Yes, it’s that time of year again: the time when Bushwick becomes a giant, artistic playground (even more than it is the rest of the year), and there’s a found trash sculpture or an hyperrealist painting — and probably booze (or at least food) — everywhere you look. It’s Bushwick Open Studios! And the MTA even says the L train will be running! (We’ll believe it when we set foot on Morgan Avenue) What more could we ask for?

This year’s BOS is bigger than it’s ever been before, with over 500 studios, shows and events happening. That’s a lot of art. To help you stay focused and find your way through the madness, the doctor is prescribing her very own guide of things to see and do. And if you need some visual help finding these places when you’re out and about, you can pick up a old-fashioned paper map (how 2011) or download the brand-spanking-new iPhone app, which looks like a solid bet.

Happy arting!


Truck Yeah

Truck Yeah (photo by Rachel Low, all images via

Legal Basics for Artists at Diana H. Jones Senior Center (9 Noll Street)

Before you get too drunk, start off your weekend with a free panel and discussion with a handful of art lawyers. Topics will include copyright and fair use, moral rights and consignment agreements. With all the buzz about Prince v Cariou in the air these days, it’s a good time to get your legal facts straight.
Friday, June 1, 5:15–7:30 pm

Truck Yeah: A Mobile Meet Up at Pine Box Rock Shop (12 Grattan Street)

After you’ve had your dose of serious thinking, head over to Truck Yeah’s mobile meet up for a mini-festival of art, food, fashion, and music. This event includes a simulated War Wagon that biker gangs use when they’re in trouble, a part of Brooklyn Art Library’s Sketchbook Project … and kimchi tacos.
Friday, June 1, 4–8 pm, Saturday, June 2, 2–8 pm

Holy BOS! at Bobby Redd Project Space (626 Bushwick Ave)

Named after the church in which it is held, Holy BOS! is another one of those wide-ranging events that take place inside the larger smorgasbord of Bushwick Open Studios. Featuring musical performances, a film festival, art ritual theater and a gospel brunch.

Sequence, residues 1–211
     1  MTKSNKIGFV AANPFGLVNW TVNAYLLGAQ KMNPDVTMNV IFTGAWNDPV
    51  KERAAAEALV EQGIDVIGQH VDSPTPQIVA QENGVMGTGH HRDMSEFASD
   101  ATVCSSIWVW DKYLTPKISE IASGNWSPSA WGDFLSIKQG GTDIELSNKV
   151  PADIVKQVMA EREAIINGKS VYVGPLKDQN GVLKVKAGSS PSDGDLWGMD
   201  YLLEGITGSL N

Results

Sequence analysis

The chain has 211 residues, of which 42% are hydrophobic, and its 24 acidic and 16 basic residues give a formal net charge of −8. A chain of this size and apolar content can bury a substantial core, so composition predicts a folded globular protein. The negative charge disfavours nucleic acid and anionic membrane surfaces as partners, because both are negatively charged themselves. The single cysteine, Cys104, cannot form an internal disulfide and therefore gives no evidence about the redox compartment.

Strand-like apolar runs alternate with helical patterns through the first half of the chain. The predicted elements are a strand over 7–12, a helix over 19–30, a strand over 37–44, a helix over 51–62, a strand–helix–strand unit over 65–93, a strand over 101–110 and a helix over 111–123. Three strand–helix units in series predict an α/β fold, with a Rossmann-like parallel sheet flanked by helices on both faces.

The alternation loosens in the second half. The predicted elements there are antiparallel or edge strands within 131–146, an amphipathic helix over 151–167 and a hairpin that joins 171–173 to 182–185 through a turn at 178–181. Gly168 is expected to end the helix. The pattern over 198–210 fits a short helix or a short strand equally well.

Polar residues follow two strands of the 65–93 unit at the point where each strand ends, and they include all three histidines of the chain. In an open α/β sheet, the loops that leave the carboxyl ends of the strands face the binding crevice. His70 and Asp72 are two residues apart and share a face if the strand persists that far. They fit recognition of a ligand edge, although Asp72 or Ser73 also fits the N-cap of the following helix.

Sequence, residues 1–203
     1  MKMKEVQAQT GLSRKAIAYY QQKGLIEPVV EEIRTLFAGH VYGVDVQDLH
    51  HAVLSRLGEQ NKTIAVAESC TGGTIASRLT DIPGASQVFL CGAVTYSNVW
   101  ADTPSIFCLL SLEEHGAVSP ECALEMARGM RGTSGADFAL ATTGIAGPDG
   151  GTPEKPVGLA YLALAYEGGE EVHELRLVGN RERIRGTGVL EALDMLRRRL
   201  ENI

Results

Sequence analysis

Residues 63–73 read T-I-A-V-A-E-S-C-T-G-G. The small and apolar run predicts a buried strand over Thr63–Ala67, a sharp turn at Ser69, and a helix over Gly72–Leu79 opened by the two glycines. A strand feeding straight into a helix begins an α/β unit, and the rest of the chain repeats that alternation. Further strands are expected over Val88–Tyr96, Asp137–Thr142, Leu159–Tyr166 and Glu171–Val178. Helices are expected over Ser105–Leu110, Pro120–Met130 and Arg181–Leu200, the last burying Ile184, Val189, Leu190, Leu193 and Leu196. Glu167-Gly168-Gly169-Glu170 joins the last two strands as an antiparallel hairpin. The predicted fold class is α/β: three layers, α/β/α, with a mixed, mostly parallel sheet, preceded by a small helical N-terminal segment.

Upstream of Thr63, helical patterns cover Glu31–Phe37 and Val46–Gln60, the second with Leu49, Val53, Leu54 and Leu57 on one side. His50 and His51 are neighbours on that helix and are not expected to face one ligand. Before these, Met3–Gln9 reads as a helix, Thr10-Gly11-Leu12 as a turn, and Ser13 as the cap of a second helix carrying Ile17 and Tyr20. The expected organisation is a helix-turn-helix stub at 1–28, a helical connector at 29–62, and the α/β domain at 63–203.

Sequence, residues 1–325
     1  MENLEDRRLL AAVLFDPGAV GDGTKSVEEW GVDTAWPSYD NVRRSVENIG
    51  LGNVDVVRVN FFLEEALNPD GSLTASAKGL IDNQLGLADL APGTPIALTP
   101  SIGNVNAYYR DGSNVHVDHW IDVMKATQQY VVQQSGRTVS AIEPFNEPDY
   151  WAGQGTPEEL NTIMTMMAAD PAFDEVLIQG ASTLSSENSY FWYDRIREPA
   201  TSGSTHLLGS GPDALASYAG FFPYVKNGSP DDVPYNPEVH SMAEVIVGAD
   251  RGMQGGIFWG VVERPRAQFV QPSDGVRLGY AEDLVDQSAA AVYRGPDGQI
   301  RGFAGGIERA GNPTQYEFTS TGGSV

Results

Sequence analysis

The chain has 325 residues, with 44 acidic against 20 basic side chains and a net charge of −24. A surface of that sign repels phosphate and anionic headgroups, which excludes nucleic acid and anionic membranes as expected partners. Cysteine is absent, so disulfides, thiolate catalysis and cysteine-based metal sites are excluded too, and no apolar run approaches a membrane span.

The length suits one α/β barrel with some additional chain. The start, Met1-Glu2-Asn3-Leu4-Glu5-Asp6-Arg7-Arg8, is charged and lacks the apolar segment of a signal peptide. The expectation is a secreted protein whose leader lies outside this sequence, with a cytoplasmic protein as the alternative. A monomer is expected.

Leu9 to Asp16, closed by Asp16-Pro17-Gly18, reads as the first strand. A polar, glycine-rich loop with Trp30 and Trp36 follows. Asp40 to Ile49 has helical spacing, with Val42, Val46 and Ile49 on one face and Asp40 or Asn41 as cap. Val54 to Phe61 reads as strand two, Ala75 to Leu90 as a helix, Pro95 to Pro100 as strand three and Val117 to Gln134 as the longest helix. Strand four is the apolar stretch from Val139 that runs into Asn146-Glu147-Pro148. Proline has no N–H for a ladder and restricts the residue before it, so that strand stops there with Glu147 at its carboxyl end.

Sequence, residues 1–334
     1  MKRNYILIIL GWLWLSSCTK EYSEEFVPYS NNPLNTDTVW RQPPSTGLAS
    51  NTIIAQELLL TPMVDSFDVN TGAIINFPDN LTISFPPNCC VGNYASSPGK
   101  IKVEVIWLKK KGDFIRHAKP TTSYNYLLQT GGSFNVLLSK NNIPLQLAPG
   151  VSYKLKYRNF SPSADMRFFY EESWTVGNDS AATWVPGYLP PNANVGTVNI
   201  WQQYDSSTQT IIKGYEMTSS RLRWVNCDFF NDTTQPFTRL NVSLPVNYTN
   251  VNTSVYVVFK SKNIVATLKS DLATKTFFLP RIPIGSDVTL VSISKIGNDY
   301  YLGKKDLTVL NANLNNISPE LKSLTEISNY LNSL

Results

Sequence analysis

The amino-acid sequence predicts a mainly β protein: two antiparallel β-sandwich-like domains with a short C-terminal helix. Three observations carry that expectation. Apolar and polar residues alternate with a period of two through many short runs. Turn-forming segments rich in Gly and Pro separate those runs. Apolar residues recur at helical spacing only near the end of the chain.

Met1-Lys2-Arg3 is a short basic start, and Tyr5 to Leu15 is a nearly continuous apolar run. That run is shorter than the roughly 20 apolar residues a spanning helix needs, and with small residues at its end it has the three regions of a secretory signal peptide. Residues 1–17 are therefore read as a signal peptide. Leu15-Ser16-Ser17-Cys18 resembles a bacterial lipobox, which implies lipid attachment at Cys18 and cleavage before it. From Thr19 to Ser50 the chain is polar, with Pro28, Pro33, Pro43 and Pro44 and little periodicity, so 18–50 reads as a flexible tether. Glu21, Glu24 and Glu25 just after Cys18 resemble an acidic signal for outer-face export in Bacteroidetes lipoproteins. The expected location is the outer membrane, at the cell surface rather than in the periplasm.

Friday, June 1, 8 pm–2 am, Saturday, June 2, 12 pm–2 am, Sunday, June 3, 12–11:30 pm

Maps N Mimosas at Norte Maar (83 Wyckoff Ave, 1B)

Remember those old-fashioned maps we were talking about? Well you can get one here! And remember those copious drinks we mentioned? Grab one of those, too.
Saturday, June 2, 11 am–2 pm

Frisky Business at 60 Bogart Street, outside (corner of Bogart and Harrison)

Stop-and-frisk is one of the NYPD’s most controversial and notorious practices. We’re willing to be that this improv, interactive street-theater performance addressing stop-and-frisk will be thought-provoking — and hopefully entertaining, too.
Saturday, June 2, 12 pm–7 pm

24-Hour Dialogue on Art and Life with Bushwick at the traffic island at 150 Thames Street (Thames and Varick Streets)

If there’s one thing people in the Bushwick art scene love to talk about these days, it’s the art scene in Bushwick. Peter Boswijck leads a 24-hour conversation about it — at which point, the topic just might be exhausted (until next year).
Saturday, June 2, sunset–Sunday, June 3, sunset

The Fabulous Show at House of Yes (342 Maujer Street)

If you find yourself longing for some performing (not performance) arts amid all the visual art, House of Yes is hosting an over-the-top, glittery and glamorous show of burlesque dancers, aerialists, contortionists and more — including “avant-garde fashion fascists”?? If you go, report back and let us know what those are.
Saturday, June 2, 9 pm

Borderline Bushwick meets at 4 Wyckoff Ave, outside (corner of Wyckoff and Jefferson Street, under the llamas)

This event is a combination of many great things: a walking tour exploring the idea of boundaries and borders, where the stops are site-specific performances around the neighborhood. Plus there’s a rooftop party afterwards, a perfect way to wind down the weekend.
Sunday, June 3, 4–7 pm

Our Studio Picks

Work by Nicholas Forker

Work by Nicholas Forker

Rob de Oude and Enrico Gomez at Troutman Studios (1717 Troutman Street, #220)

De Oude’s colorful oils seem to blend Op Art, geometric abstraction and woven textiles, and Gomez is a curator and critic whose own art we’re eager to see.

Sarah Bednarek, Jenn Brehm, Jessica Grable, Brent Owens and Stephen Truax at the Troutfarm (322 Troutman Street, ground floor)

This is a good chance to see new work by some Bushwick standbys, including large, other-worldly drawings by Brehm and clever, crafted wood carvings and paintings by Owens.

Nicholas Forker at Brooklyn Fireproof (119 Ingraham Street, #309)

Forker’s large-scale and ethereal ballpoint drawings of astronauts prove that Tom Sachs doesn’t have a monopoly on outer space.

Cooper Holoweski at H Art (840 Hart Street, ground floor, back studio)